IN A SONG ABOUT OUTLAWS, Woody Guthrie noted: “Some’ll rob you with a six-gun, some with a fountain pen.” But that doesn’t mean fountain pen robberies are easy. Au contraire, amigo, as pulled off by today’s corporate thieves, they require convoluted schemes, a web of secret arrangements … and hearts throbbing with greed. For a textbook example of mass robbery by modern-day packers of high-powered fountain pens, let’s track the maneuvers of the Glencore Gang.
Since at least 2009, Glencore plotted against their recently acquired Texas subsidiary, Sherwin Alumina. They rigged the subsidiary’s corporate rules and compelled it to accept bad deals from Glencore and affiliated financial groups, thus weakening Sherwin to the point of insolvency. Then the gang shoved Sherwin into bankruptcy.
QUESTION: But why would Glencore buy an aluminum maker and then spend more than six years conspiring to bankrupt it?
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"The issue isn't just jobs. Even slaves had jobs. The issue is wages." --Jim Hightower
ANSWER: The move would make business sense if Glencore intended to use bankruptcy laws to plunder Sherwin’s facilities and other assets, restart the plant as union-free, and jettison the debts owed to Sherwin’s unsecured creditors (including USW families who are owed millions of dollars in pensions, suppliers who’ve gone unpaid, and local people burdened with environmental damage caused by Sherwin/Glencore). According to the formal complaint that their creditors filed on March 21 in Sherwin’s bankruptcy case, Glencore’s machinations in this corporate mugging ranged from merely unethical to unconscionable:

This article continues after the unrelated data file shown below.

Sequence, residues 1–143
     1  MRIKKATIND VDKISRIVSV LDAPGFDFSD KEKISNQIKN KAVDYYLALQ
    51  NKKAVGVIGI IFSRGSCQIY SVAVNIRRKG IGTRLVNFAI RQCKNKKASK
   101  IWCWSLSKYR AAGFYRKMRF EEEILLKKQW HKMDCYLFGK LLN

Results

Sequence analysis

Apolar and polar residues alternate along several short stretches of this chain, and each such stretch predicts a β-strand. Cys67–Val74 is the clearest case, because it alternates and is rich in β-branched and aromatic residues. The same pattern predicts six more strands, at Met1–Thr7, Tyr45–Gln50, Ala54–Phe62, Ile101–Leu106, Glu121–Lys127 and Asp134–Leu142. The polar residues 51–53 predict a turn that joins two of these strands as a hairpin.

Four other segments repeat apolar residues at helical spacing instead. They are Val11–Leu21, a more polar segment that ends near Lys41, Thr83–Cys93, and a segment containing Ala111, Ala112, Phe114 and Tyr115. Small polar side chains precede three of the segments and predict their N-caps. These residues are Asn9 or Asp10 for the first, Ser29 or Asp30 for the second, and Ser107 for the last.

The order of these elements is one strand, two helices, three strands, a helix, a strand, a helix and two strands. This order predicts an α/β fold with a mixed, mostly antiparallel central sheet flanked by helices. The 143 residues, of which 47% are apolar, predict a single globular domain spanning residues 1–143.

Glencore’s 2007 purchase of Sherwin was screwy, executed through at least five opaque layers of corporate fronts, leaving the expert legal diggers who’re representing the harmed parties baffled: “It’s unclear from whom the Facility was acquired.”
Glencore totally controlled Sherwin. Glencore became the sole supplier of the plant’s raw product (bauxite) and essentially was the sole buyer of its finished product (alumina). The terms of all contracts were approved by Sherwin’s board of managers, made up of–guess who?–three Glencore executives. They rubberstamped whatever bad deals the parent wanted to impose, including an agreement that the sole fiduciary duty of Sherwin’s executives was to Glencore.
The conglomerate directed that all capital borrowed for Sherwin’s operations was to come from a bank wholly owned by Glencore. Sherwin had no independent legal advisors in this arrangement and instead was compelled to rely on Glencore’s own law firm, which, as representative of both the lender and borrower, had a hopeless conflict of interest.
In 2015, Sherwin’s local managers publicly exclaimed that the company’s financial situation was “disastrous” (June), “terrible” (July), and “dire” (August). Yet that summer Glencore demanded that Sherwin take on $20 million in additional debt by purchasing a distressed promissory note from another Glencore affiliate. Already basically insolvent, Sherwin had to borrow the $20 million from Glencore’s bank, adding to its already unsupportable debt.
Last November, Glencore’s lawyers obtained the ruling the conglomerate wanted from Obama’s National Labor Board, declaring the lockout of its USW workforce legal, giving the giant a green light to plunge Sherwin into bankruptcy.
As the Lowdown goes to press, a trial in bankruptcy court is scheduled for late April, and settlement discussions are heating up. Stay tuned!